Saturday, June 21, 2014

Gregory Porter concert review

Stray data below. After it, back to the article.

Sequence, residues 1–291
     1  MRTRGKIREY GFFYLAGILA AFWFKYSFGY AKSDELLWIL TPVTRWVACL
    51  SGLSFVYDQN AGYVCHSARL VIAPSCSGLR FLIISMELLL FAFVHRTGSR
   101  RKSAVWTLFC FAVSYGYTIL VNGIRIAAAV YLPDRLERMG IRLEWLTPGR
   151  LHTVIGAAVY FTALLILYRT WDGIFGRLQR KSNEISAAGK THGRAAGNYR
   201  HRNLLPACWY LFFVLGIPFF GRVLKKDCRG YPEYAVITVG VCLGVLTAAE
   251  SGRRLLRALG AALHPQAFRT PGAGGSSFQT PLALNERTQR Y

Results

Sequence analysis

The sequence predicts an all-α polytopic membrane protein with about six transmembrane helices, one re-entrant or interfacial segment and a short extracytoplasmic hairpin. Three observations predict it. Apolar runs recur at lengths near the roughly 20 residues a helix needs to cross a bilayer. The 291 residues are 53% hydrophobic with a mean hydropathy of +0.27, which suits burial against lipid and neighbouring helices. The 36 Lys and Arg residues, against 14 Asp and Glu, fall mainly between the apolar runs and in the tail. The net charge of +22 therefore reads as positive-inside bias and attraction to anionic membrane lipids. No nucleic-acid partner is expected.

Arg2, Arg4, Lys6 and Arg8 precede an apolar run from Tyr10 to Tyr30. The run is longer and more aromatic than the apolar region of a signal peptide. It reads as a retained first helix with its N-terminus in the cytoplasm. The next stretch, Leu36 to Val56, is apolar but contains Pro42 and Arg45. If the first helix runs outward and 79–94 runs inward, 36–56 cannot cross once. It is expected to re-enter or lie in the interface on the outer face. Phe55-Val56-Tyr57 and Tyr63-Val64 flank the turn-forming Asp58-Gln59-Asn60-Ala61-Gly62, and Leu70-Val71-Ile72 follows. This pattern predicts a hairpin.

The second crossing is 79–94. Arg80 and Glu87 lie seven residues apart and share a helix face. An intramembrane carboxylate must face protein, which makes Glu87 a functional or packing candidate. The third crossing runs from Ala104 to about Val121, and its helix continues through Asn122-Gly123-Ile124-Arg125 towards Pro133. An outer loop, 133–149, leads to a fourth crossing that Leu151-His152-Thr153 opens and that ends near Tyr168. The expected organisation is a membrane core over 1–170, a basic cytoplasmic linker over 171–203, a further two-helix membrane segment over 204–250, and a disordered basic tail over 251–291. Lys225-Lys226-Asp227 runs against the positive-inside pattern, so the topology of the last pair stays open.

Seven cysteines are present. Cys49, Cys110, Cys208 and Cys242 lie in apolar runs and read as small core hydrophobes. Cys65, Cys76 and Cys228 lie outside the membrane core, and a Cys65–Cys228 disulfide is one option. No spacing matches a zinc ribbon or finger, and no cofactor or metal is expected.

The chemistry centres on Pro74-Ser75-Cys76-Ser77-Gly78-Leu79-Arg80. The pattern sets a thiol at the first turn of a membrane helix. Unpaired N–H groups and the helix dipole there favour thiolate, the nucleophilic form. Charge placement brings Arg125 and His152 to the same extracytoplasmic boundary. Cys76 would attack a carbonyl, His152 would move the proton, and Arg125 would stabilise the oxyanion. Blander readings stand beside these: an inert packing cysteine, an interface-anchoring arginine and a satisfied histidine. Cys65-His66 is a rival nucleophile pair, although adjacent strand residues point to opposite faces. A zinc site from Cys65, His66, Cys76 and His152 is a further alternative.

Last night I went to see jazz singer Gregory Porter at the St. Lawrence Centre for the Arts. This is part of the Toronto Jazz Festival. I hadn't been to the St. Lawrence Centre since the 70s. If you saw my "view of the stage" tweet, you'll know I had great seats. Porter has become a big deal since releasing his 2013 Blue Note Records debut CD Liquid Spirit. It is actually his third solo CD but his first for a major label. He's actually been around since the late 90s. He was born Nov. 1971 in Los Angeles and he grew up in Bakersfield. His mom is a minister so he grew up singing in church. And he listened to his mom's Nat King Cole record collection. I always say that church trained singers are the best because the first thing they are taught is proper diction. And Porter said in an interview the other day that Cole's diction was a big influence too. Porter was supposed to attend San Diego State on a full football scholarship. But he blew out his shoulder in high school and started singing in local clubs. Pianist Kamau Kenyatta introduced Porter to flutist Hubert Laws and Porter appeared om Laws' 1998 CD Hubert Laws Remembers The Unforgettable Nat King Cole. And then Laws' sister singer Eloise Laws got Porter a gig in the Broadway show It Ain't Nothin' But The Blues. After two CDs for Motema Music, Porter released Liquid Spirit on Blue Note. His band at this concert is the same band he uses on the CD. The pianist and arranger is Chip Crawford. There is also Yosuke Sato on sax, Aaron James on bass and Emanuel Harold on drums. Crawford once worked with The Four Tops. All four guys have worked with Porter for several years. Though Porter is classified as a jazz singer, I didn't have to look up his bio to know that he grew up singing in church. Because that is the foundation of his music. It can be heard clearly in his voice. And some of his songs could be classified as gospel. Porter writes his own songs but he performs jazz standards like Cannonball Adderley's Work Song, Abbey Lincoln and Max Roach's Lonesome Lover and Ramsey Lewis' The In Crowd. It helps that Crawford is an R & B leaning jazz musician and a veteran arranger. The other guys have adapted very well to his arrangements. Several people have asked me about Porter's flat hat. It seems he first started wearing it to cover scars from a surgical procedure. But now it has become his trademark. It certainly looks odd in the summertime. Who cares? Gregory Porter can really sing and has a long career ahead of him. Hey Gregory! How about a gospel album with Karen Clark-Sheard? She has jazz chops.

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